The city of Lopburi is located around 154kms to the north of Bangkok, making this an ideal daytrip destination.
Lopburi Province (sometimes spelt Lop Buri) is home to a large number of amazing historical sites that truly allow visitors to gain a better understanding of Thailand’s rich past. Formerly known as Lawo, Lopburi fell under the control of several kingdoms over the centuries and, because of its strategic importance, always proved to be a notable trophy for any conquering army.
The city dates back more than 1,200 years and a large collection of remains have been found within this region of Thailand. Along with relics that hail from the Bronze Age all the way to the current Ratanakosin period, the area is also a Mecca for those who have an interest in history. This is all mixed in with the modern, calm atmosphere that pervades today, making Lopburi a very interesting place to visit.
Lopburi first became a notable area during the time of the Dvaravati Kingdom, which lasted between the sixth and 11th centuries. The name Lawo is believed to have derived from the ethnic group that first settled in the area – known as the Lawa, this group is believed to be related to the Mons of China. During the 10th century the town came under the command of the Khmers, whose distinctive style of architecture can still be seen today.
In the 13th century Thai people who had come from the north fought a great battle against the Khmers and Lopburi fell into the hands of the Thai kings. It was during the reign of King U-Tong that Lopburi really became notable. The King, who had established the Ayutthaya Kingdom, sent his son Ramesua to govern the city. The Prince oversaw the building of fortifications, moats and towers and the city reached its zenith in 1664, when King Narai the Great named Lopburi as Thailand’s second city and even resided there. He utilised both Thai and European architects, which led to an amazing mixture of architectural styles.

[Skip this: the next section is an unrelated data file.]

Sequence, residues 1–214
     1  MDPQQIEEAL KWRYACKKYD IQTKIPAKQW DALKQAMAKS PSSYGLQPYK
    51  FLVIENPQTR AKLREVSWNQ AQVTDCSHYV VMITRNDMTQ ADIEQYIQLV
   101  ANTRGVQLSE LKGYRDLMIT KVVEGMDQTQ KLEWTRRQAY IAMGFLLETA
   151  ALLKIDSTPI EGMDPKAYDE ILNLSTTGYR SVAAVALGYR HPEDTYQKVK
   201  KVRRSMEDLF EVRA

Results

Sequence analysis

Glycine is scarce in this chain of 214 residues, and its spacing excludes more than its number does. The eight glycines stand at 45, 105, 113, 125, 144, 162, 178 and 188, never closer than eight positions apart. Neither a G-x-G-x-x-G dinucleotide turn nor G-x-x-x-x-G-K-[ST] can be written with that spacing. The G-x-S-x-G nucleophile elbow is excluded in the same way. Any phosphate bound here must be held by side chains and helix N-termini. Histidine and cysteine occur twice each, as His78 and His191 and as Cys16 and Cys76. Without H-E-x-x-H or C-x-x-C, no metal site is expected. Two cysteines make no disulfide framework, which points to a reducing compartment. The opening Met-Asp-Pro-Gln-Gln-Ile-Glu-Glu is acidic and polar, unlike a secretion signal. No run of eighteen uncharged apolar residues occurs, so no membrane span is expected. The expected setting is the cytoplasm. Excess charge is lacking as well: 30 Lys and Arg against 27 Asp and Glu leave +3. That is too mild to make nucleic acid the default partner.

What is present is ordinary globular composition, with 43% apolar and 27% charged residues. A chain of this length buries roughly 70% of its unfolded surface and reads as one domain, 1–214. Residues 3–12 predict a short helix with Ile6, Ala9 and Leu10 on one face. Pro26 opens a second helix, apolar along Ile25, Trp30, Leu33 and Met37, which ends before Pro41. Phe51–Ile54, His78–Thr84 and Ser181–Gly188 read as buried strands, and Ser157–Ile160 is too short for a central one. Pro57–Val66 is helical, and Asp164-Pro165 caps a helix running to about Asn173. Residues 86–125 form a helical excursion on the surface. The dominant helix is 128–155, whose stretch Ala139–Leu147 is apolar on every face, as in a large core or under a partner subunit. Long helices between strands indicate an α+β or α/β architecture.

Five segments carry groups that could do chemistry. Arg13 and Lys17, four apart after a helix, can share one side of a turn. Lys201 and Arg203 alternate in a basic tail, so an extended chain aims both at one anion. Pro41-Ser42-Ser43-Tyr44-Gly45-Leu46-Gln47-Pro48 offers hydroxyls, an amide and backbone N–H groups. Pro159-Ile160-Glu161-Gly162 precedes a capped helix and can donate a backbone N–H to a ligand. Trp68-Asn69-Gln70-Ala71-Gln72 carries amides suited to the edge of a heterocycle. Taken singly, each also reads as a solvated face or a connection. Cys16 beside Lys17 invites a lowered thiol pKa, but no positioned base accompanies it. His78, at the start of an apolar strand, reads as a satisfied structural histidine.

There are a large number of ruins and sites scattered around the area, and the main ones are worth seeking out, including Phra Narai Ratchaniwet; the palace of the former king, dating from the 17th century and restored in the 19th century. The palace grounds are fairly extensive and interesting to wander around. Wat Phra Ratana Mahathat is directly across from the railway station and was once the largest temple in the city, yet today all that remains are some towers, the wihan and a few chedis.
Wat Kakhon Kosa can be found nearby and dates from the 12th century, although sadly little remains of this once great temple today. The Prang Khaek is one of the most obviously Khmer structures, and has been recently restored. Another of these distinctive ‘prangs’ is Prang Sam Yot, which is one of the area’s better preserved set of towers. These towers originally represented the Hindu gods Shiva, Vishnu and Brahma, but today have Buddha images set into them. There are a number of other temple ruins dotted about this historic site that tell more about Lopburi’s auspicious past. Unfortunately, the rapidly growing modern city that can be found around the ruins has all but obscured them from decent photographic views.
As well as all the architectural wonders that permeate the city, Lopburi is also notable for its Sap Lanka Wildlife Sanctuary, which can be found in the north of the city, while a side attraction in Lopburi is the monkeys. The food offerings that took place in San Phra Kan drew the monkeys from the forests and these cheeky simians have almost taken over popular attractions, such as the Phra Prang Sam Yoy. The sunflower blooming is an added attraction that makes Lopburi famous and the fields can be seen on Highway 21, about 45kms from Lopburi, and are best viewed between November and January.
Accommodation in Lopburi
Asia Lopburi Hotel: Conveniently close to the Phra Narai Ratchaniwet with decent rooms and two Chinese restaurants. Tel: (036) 618 894.
Taipei Hotel Lopburi: Located nearby and also has decent rooms. Tel: (036) 411 523.
Sri Indra Hotel: Near Wat Nakhon Kosa and comes with large, clean rooms. Tel: (036) 411 261.
Getting to Lopbui
Getting to Lopburi is a relatively simple affair. The trip by car from Bangkok takes around two hours and is highway all the way. Air-conditioned coaches leave from Bangkok’s Northern Bus Terminal (Mochit) every half hour (from 05:30 to 20:30) for 85 baht. Trains (three hours) leave Bangkok’s Hua Lamphong Railway Station several times a day for 43 baht, though are only third class.
Once you arrive in modern Lopburi, you will need to find your way westward. It is possible to catch one of the regular songthaew minibuses that ply the route.